1802- Sally Coffeen operates the first school in the county at Watertown
1804- Watertown residents erect the first schoolhouse at the southeastern end of Public Square. A one-story frame structure is erected on a high hill, placed on huge logs set upright in the ground. A wooded stairway leads up from the street to large double doors. Long pine benches line three interior walls, with a high pulpit-like desk occupying the center of the room. An itinerant Scottish pedagogue, Mr. McGregor is the first schoolmaster here.
1802-1812 - Schools are established at Brownville, Rodman, Champion, Adams, Ellisburg, Chaumont Bay, Cape Vincent, Henderson.
1812 - The Common School Act becomes law, authorizing 11,000 school districts throughout the state. Any community which chooses to elect a three man school board is permitted to assess and collect a property tax for the purpose of financing public education. State aid for education funds are offered as an incentive, funding for this coming from the sale of excess public lands held by the state. School districts are limited by law to a maximum of three miles in diameter, placing a school within walking distance (1 1/2 miles) of every school age child.
1813 - Eleven Jefferson County towns share the first state aid payment of $789.32
1837 - The School Library Act becomes law, providing state aid to districts to purchase textbooks. William McGuffey publishes his first "Readers," a series of elementary school texts that will eventually rival all books but the Bible in quantities printed.
1843 - Assemblyman Calvin T. Hurlburt of St Lawrence County sponsors a bill before the legislature which establishes the first state Normal school a teacher training school, at Albany.
1845 - 15,659 children living in Jefferson County are reported in the state census as having attended school within the previous year. Budgets for approximately 350 common school districts total $74,927.70. Each child is entitled by law to 8 years of schooling, a maximum of 40 months total.
Statue of Dr Edwin Austin Sheldon
on SUNY Oswego campus
1861 - Oswego Normal school is established by Dr Edwin Sheldon, the second such teacher training academy in the state.
1865 - Returning Civil War soldiers demand continuation of their education which was for many interrupted by military service.
Lotus Ingalls, a Rodman native and publisher of the Watertown Reformer, and a state legislator, presses for the elimination of the rate bill a form of tuition that had been assessed the parents of schoolchildren from 1813-1865. Ingalls is also instrumental in changing the state aid formula from a population-based one to an attendance-based one. He persuades many local schools to establish grade levels for the first time, and to set minimum standards for promotion. Watertown establishes a public high school at the corner of State and Mechanic streets. All of the school districts in the village of Watertown, previously neighborhood schools with separate school boards and local control, are merged. These districts include Arsenal, Lamon, Sterling, Massey, Sherman, Academy, and Boon St. schools.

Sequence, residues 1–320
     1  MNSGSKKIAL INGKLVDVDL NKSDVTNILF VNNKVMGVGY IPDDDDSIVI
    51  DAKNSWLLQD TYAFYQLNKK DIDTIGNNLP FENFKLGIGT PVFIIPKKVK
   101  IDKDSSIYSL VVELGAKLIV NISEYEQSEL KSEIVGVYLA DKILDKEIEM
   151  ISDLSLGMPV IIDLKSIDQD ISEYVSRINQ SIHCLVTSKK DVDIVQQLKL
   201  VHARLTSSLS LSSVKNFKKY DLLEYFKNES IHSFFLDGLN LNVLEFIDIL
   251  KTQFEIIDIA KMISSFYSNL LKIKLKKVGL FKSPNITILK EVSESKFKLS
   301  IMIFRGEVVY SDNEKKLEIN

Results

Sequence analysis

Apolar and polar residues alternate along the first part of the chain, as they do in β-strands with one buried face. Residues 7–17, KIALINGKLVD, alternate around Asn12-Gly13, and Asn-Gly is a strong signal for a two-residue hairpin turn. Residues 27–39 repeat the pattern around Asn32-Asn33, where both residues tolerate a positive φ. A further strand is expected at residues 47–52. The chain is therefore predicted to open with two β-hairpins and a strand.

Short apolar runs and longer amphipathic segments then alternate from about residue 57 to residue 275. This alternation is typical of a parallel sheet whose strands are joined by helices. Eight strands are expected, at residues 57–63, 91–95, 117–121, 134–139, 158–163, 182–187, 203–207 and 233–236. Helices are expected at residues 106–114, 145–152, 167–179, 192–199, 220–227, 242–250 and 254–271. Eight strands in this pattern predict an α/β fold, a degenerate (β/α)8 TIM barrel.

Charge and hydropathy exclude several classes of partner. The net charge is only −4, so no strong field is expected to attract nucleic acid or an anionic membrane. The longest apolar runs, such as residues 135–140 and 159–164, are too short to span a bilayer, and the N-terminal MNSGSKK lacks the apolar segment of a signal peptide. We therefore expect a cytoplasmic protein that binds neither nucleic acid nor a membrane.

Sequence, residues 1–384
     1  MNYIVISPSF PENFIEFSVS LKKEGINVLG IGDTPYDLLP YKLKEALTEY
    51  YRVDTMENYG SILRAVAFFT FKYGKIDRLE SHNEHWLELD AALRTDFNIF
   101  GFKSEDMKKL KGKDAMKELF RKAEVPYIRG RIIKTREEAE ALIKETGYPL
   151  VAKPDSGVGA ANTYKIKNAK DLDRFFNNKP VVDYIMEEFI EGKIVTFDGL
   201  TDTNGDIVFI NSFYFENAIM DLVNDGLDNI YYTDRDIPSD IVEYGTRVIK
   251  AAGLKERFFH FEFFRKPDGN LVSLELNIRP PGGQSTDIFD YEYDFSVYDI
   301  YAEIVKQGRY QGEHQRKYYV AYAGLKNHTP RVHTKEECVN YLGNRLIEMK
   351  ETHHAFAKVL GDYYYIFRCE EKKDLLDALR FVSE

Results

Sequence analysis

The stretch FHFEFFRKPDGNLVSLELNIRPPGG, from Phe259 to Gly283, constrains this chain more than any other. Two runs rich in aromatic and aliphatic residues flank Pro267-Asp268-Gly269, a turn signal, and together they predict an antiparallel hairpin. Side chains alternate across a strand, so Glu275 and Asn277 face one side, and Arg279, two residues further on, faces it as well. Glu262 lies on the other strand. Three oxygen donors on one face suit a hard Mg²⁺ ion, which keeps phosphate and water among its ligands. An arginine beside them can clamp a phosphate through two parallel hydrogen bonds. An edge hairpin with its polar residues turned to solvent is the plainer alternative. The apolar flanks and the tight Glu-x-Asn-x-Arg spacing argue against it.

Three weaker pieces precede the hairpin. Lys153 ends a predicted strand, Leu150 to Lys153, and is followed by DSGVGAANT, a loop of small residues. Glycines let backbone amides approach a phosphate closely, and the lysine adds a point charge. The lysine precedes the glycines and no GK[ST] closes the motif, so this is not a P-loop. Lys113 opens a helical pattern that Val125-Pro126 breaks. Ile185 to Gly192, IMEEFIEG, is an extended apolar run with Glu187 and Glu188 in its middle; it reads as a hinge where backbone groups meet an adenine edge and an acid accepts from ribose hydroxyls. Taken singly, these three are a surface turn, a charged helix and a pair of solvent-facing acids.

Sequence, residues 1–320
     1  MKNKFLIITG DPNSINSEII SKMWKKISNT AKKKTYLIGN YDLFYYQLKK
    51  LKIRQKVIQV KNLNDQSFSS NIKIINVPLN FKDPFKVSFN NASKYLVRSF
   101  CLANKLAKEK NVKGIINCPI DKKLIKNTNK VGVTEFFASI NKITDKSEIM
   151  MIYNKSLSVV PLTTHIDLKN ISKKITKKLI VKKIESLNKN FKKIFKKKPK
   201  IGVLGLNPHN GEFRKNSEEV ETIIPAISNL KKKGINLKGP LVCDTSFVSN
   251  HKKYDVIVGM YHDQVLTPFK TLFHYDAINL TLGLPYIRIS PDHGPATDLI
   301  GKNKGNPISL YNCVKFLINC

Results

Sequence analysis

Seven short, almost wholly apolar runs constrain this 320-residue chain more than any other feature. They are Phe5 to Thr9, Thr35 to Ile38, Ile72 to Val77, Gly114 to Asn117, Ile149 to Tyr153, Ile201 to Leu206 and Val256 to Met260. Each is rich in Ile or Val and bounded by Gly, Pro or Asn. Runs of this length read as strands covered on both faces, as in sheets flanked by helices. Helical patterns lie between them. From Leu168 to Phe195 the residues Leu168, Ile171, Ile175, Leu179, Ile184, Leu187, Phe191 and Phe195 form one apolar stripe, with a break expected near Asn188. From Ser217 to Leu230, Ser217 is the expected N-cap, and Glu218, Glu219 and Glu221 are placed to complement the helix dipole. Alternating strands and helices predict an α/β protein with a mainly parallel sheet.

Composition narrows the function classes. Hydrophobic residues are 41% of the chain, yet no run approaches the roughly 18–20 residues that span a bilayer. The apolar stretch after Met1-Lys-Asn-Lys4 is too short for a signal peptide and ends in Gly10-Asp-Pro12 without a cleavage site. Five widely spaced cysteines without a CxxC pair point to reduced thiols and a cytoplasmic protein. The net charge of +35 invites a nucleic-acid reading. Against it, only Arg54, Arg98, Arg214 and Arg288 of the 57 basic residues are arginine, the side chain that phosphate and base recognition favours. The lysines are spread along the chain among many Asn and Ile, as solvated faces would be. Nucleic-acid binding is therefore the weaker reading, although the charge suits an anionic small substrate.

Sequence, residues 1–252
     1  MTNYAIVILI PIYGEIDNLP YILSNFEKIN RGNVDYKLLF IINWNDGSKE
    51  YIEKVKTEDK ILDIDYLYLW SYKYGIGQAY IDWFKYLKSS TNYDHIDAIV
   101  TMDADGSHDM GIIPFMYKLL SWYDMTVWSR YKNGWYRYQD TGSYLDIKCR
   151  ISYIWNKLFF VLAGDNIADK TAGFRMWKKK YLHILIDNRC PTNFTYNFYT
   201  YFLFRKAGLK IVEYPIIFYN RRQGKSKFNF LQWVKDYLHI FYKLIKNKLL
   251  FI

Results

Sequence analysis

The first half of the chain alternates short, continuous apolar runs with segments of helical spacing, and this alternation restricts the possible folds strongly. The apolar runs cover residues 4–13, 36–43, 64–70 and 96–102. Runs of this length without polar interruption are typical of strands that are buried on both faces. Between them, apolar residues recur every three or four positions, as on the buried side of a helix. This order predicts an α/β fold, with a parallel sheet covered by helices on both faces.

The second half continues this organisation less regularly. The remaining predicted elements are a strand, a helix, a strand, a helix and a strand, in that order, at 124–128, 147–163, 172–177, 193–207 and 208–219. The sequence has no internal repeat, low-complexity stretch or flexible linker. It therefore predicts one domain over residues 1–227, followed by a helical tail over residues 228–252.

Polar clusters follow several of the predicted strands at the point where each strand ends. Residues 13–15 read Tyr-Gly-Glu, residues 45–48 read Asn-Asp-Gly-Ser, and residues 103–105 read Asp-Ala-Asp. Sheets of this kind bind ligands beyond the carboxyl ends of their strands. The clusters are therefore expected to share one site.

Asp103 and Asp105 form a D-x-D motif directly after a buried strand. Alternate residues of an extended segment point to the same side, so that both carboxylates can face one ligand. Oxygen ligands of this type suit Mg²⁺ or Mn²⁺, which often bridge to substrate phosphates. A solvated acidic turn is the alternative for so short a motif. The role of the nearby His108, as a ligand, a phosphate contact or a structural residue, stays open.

1867 - The rate-bill is abolished and public school becomes tuition-free for the first time. Compulsory attendance becomes law. Teachers are required to keep attendance records.
1869 - Watertown becomes a city and the schools on the north side of the Black River (Mead and Cooper) become part of the City School District, which is under the budgetary control of the Mayor and Common Council.
1875 - There are 356 schools in Jefferson County, plus 9 in the city of Watertown. Average daily attendance in the county is 15,645. 437 licensed teachers are employed for 28 weeks per year or more, and another 333 persons are licensed to teach. There are about 17000 volumes in the combined school libraries. Total school budgets for the county are $140,822.03, of which $21,898.05 is state aid. The county has 11 brick schools and 37 stone ones. The majority of the county's schools are still one story wood frame buildings. There are still 6 of the original log schools in use.
1880-1890 New York establishes the Regent's Examinations and Regent's Diploma, ensuring that uniform minimum standards are met for all graduates.
1888 - Credentialing is established for teachers, Teaching Licenses are issued by the state.
1890 - 1900 - Melvil Dewey, creator of the Dewey decimal system of classification and secretary of the Regents travels through rural parts of the state encouraging the consolidation of the common school districts into larger, more efficient union free districts, offering state authorized incentives. Dewey was a native of Adams Center, Jefferson County. Thus, two of the most important reformers in the history of New York public education, Lotus Ingalls and Melvil Dewey were both born within 5 miles of one another and were both the products of the common schools of Jefferson County!
Class Picture, Wells Settlement School, Town of Lyme, 1914
1914 - State aid for transportation assistance is established, allowing for busing and the centralization of school districts.
1925 - Adams Center is the site of the county's first central school.
1925-1955 Resistance to the loss of local control and autonomy crumbles as the state law mandates such improvements as indoor plumbing, fire-proof buildings, and increased support staffs for all schools. One room schools close as central schools are established across the county.
1959 - Countywide referendum to establish a community college is defeated by 8 votes.
1961 - A second referendum passes by 2,944 votes, establishing Jefferson Community College.
1963 - First JCC classes are held in the old Lansing St school in Watertown
For an excellent discussion of the history of public education in New York, visit the website of the State Education Department
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A Short History of Jefferson County Schools